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I was moving along on a regex expression and I have hit a road block I can't seem to get around. I am trying to get rid of "(" in the middle of a line of text using regex, there were 2 but I figured out how to get the one on the end of the line. its the one in the middle I can hack out.

Here is a more complete snippet of the file which I am search through.

ide1:0.present = "TRUE"
ide1:0.clientDevice = "TRUE"
ide1:0.deviceType = "cdrom-raw"
ide1:0.startConnected = "FALSE"
floppy0.startConnected = "FALSE"
floppy0.clientDevice = "TRUE"
ethernet0.present = "TRUE"
ethernet0.virtualDev = "e1000"
ethernet0.networkName = "solignis.local"
ethernet0.addressType = "generated"
guestOSAltName = "Ubuntu Linux (64-bit)"
guestOS = "ubuntulinux"
uuid.location = "56 4d e8 67 57 18 67 04-c8 68 14 eb b3 c7 be bf"
uuid.bios = "56 4d e8 67 57 18 67 04-c8 68 14 eb b3 c7 be bf"
vc.uuid = "52 c7 14 5c a0 eb f4 cc-b3 69 e1 6d ad d8 1a e7"

Here is a the entire foreach loop I am working on.

my @virtual_machines;
foreach my $vm (keys %virtual_machines) {
    push @virtual_machines, $vm;
foreach my $vm (@virtual_machines) {
    my $vmx_file = $ssh1->capture("cat $virtual_machines{$vm}{VMX}");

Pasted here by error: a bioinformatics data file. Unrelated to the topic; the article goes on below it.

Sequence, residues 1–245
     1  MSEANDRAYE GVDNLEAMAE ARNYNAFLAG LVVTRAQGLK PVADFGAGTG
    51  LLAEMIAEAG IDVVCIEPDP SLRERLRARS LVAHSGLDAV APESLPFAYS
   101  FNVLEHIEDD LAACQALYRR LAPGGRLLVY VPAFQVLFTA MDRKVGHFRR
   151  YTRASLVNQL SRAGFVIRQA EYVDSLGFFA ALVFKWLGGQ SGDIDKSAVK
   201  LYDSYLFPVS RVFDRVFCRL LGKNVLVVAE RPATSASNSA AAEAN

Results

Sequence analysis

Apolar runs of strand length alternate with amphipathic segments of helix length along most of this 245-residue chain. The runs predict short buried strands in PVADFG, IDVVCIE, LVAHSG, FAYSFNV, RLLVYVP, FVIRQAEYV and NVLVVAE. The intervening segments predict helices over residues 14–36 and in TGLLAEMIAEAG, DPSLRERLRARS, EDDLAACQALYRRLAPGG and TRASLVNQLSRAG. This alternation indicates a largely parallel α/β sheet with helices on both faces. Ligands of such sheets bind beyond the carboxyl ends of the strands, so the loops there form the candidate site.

if ($vmx_file =~ m/^\bguestOSAltName\b\s+\S\s+\W(?<GUEST_OS> .+[^")])\W/xm) {
        $virtual_machines{$vm}{"OS"} = "$+{GUEST_OS}";
    } else {
        $virtual_machines{$vm}{"OS"} = "N/A";
    if ($vmx_file =~ m/^\bguestOSAltName\b\s\S\s.+(?<ARCH> \d{2}\W\bbit\b)/xm) {
        $virtual_machines{$vm}{"Architecture"} = "$+{ARCH}";
    } else {
        $virtual_machines{$vm}{"Architecture"} = "N/A";

I am thinking the problem is I cannot make a match to "(" because the expression before that is to ".+" so that it matches everything in the line of text, be it alphanumeric or whitespace or even symbols like hypens.

Any ideas how I can get this to work?

This is what I am getting for an output from a hash dump.

$VAR1 = {
      'NS02' => {
                  'ID' => '144',
                  'Version' => '7',
                  'OS' => 'Ubuntu Linux (64-bit',
                  'VMX' => '/vmfs/volumes/datastore2/NS02/NS02.vmx',
                  'Architecture' => '64-bit'

The part of the code block where I am working with ARCH work flawless so really what I need is hack off the "(64-bit)" part if it exists when the search runs into the ( and have it remove the preceding whitespace before the (.

What I am wanting is to turn the above hash dump into this.

$VAR1 = {
      'NS02' => {
                  'ID' => '144',
                  'Version' => '7',
                  'OS' => 'Ubuntu Linux',
                  'VMX' => '/vmfs/volumes/datastore2/NS02/NS02.vmx',
                  'Architecture' => '64-bit'